Antonio de Montesinos

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Antonio de Montesino
An image of Montesinos' statue in Santo Domingo
Native name
Antón de Montesino
Personal details
New Granada
MottoI am the voice of Christ in the desert of this island.

Antonio de Montesinos or Antonio Montesino (c. 1475 - June 27, 1540) was a Spanish Dominican friar who was a missionary on the island of Hispaniola (now comprising the Dominican Republic and Haiti). With the backing of Pedro de Córdoba and his Dominican community at Santo Domingo, Montesinos was the first European to publicly denounce the enslavement and harsh treatment of the indigenous peoples of the island. His censure initiated an enduring struggle to reform the Spanish conduct towards all indigenous people in the New World. Montesinos' outspoken criticism influenced Bartolomé de las Casas to head the humane treatment of Indians movement.[1][2]

Early life[edit]

Very little is known about Montesinos' early life. He became a Dominican friar at the convent of St. Stephen in Salamanca, and while Montesinos was here, he may have received an education. He was also a part of the first group of Dominican missionaries to go to Hispaniola in September 1510, under the leadership of Pedro de Córdoba.[3]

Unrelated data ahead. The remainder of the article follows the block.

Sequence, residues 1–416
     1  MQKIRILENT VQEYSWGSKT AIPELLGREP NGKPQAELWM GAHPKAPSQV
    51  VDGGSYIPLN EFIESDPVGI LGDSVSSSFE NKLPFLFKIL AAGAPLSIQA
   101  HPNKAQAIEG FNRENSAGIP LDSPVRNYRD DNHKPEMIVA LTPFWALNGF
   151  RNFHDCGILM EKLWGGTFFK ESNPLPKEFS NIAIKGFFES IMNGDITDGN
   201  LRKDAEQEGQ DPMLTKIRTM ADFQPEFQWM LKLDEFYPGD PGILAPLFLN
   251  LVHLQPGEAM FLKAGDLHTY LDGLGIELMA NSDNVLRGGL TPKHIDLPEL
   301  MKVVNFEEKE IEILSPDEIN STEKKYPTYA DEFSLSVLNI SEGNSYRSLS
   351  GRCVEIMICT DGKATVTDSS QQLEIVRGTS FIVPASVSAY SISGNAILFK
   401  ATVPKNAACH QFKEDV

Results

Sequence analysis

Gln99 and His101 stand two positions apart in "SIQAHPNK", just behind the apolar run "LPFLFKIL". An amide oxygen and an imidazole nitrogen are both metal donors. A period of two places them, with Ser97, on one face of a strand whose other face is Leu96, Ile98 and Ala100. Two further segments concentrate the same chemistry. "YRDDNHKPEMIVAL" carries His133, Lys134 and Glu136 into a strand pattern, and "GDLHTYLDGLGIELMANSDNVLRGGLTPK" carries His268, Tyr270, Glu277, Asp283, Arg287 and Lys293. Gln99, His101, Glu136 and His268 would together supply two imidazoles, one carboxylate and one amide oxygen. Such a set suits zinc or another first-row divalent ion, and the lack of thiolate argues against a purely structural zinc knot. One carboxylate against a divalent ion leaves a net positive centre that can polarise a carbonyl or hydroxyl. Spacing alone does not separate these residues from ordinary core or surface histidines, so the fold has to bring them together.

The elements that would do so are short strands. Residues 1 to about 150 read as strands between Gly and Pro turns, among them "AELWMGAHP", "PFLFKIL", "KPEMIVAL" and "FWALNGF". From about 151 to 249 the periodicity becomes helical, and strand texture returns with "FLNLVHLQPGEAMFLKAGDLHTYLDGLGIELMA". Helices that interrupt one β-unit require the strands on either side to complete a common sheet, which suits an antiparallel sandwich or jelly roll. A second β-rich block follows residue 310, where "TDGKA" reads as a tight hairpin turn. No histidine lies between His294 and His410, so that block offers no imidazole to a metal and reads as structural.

On December 21, 1511, the fourth Sunday of Advent, Montesinos preached an impassioned sermon. He criticized the practices of the Spanish colonial encomienda system, and decrying the abuse of the Taíno Indian people on Hispaniola.[4]

Listing the injustices that the indigenous people were suffering at the hands of the Spanish colonists, Montesinos proclaimed that the Spanish on the island "are all in mortal sin and live and die in it, because of the cruelty and tyranny they practice among these innocent peoples."[5]"During his sermon, Montesinos also proclaimed that neither he nor any of the other missionaries would allow these slaveholders to partake in confession."[6] According to Bartolomé de las Casas, who was a witness, Montesinos asked those in attendance:

Tell me by what right of justice do you hold these Indians in such a cruel and horrible servitude? On what authority have you waged such detestable wars against these people who dwelt quietly and peacefully on their own lands? Wars in which you have destroyed such an infinite number of them by homicides and slaughters never heard of before. Why do you keep them so oppressed and exhausted, without giving them enough to eat or curing them of the sicknesses they incur from the excessive labor you give them, and they die, or rather you kill them, in order to extract and acquire gold every day.[7]